While last year focused a lot on the turf war between Vee (Lorraine Toussaint) and Red, this year the main tension was between the Latinas in the prison and pretty much everyone else. Gloria and Sophia especially had an important storyline as they began to see how their kids were changing while they were in prison. This story really gave insight into how their family’s lives continued to change while they were incarcerated. The building tension as Sophia continued to blame Gloria’s son for corrupting her own son was well done and led to brilliant confrontations between the two women. The storyline ultimately led to a transphobic confrontation between Sophia and those who supported Gloria. The guilt in Gloria’s eyes after the ordeal was genuine and promised more to come between the two when the show returns next year. It’s also setting up Sophia to go head to head with Caputo and the corporate enemies next season when it comes to her own safety and rights.
While Piper and Alex’s storyline was probably the weakest in the season, it did introduce breakout star Ruby Rose as Stella. She bonded with Ruby and it did bring out the darker aspects of her character as she started a used panty business, which was actually pretty comedic. But seeing the change in Piper, it finally projected the dark and bad side that’s only been hinted at in previous seasons. She’s never been as innocent as she claimed to be and if she’s going to be truly unlikable, might as well go all out. She’s fully embodied the idea of white privilege in the prison. Alex, on the other hand, came off as a different character than the inmate introduced in the first season. She’s much more paranoid, rightfully so, but she comes across as the weaker one in the relationship with Piper. She almost seems watered down from the alluring drug dealer from season one. While it was fun to have her character back, it doesn’t feel like the same Alex Vause.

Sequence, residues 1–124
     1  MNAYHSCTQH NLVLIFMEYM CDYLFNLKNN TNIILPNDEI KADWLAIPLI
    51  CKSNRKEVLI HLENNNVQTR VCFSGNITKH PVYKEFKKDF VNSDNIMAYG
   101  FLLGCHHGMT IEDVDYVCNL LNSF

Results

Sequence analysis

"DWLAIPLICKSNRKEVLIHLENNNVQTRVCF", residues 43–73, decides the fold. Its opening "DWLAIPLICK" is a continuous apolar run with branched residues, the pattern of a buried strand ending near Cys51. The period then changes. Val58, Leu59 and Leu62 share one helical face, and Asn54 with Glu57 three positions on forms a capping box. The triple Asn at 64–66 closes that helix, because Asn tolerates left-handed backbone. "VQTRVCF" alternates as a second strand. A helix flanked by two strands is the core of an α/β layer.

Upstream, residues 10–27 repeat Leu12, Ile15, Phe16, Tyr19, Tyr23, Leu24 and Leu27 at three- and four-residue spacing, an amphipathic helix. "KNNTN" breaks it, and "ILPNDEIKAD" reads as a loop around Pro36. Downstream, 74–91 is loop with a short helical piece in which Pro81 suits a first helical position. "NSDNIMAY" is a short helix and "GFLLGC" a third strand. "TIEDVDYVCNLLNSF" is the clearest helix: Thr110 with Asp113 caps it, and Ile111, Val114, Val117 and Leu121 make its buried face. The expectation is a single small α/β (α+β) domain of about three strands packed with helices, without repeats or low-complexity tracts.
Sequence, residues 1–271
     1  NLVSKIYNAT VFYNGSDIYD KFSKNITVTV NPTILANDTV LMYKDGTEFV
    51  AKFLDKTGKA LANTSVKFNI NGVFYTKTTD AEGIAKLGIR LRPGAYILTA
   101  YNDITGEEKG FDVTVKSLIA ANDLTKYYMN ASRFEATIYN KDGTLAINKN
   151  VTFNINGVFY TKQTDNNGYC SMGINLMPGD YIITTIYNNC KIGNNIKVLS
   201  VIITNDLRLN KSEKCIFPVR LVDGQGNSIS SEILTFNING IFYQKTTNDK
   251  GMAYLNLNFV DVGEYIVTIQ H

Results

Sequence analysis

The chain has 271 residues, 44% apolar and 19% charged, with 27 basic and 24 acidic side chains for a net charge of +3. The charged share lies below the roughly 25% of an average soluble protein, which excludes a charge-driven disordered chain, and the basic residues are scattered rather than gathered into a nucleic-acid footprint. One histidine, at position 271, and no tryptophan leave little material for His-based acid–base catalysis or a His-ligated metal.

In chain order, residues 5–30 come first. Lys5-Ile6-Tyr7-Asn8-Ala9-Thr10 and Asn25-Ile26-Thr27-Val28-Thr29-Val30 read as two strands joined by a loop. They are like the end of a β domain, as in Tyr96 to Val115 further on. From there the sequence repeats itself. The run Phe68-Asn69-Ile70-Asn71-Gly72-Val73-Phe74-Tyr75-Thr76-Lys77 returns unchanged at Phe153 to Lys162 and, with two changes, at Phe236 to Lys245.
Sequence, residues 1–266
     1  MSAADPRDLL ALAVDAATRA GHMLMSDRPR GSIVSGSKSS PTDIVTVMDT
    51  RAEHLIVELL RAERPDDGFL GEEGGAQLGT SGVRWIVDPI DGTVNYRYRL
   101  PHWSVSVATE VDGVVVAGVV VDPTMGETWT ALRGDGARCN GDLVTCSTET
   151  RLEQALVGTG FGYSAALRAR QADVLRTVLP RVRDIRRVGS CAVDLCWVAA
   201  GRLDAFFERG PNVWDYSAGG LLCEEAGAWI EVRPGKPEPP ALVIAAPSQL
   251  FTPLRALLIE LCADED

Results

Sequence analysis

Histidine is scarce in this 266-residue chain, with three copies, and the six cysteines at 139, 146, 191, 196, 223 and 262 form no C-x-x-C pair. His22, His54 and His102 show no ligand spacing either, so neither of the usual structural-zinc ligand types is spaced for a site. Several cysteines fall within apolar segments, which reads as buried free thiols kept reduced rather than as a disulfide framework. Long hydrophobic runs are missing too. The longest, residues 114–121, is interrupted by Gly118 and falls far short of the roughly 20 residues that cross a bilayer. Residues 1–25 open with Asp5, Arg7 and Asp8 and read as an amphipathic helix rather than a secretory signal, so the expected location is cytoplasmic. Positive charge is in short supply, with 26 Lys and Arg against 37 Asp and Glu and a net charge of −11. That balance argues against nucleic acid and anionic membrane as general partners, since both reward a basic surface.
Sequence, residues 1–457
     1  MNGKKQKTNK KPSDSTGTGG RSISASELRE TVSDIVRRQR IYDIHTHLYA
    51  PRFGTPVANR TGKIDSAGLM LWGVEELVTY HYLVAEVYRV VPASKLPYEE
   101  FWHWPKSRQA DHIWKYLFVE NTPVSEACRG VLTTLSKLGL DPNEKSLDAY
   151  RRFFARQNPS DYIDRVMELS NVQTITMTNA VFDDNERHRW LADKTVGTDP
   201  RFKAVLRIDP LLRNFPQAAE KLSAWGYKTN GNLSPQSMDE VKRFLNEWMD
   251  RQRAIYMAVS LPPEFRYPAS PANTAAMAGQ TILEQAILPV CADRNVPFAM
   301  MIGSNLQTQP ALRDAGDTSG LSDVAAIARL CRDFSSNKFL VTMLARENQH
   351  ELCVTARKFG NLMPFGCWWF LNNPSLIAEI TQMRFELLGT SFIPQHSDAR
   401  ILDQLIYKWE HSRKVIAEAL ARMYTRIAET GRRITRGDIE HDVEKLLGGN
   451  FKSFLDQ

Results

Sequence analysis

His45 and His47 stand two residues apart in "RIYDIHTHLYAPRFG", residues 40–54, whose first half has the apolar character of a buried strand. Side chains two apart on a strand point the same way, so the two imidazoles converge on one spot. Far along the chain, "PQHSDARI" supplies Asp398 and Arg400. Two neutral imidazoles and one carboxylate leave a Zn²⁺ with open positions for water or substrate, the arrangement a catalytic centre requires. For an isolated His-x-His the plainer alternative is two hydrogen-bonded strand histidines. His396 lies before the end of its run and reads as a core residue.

One thing the show did well was that it didn’t just brush off Vee’s influence from last season. She was an amazing villain and her impact continued to touch upon the show even after her death. Suzanne (Uzo Aduba) still longs for Vee’s maternal love and believes she’s coming back. Instead, Taystee’s taken it upon herself to look after her. They’ve grown closer and share the pain Vee brought upon them. As the season continues, Suzanne has a fun storyline as she begins writing a saga involving orgies and sex and aliens, and the inmates love it. It’s a nice way to have Suzanne finally feel accepted by the other inmates.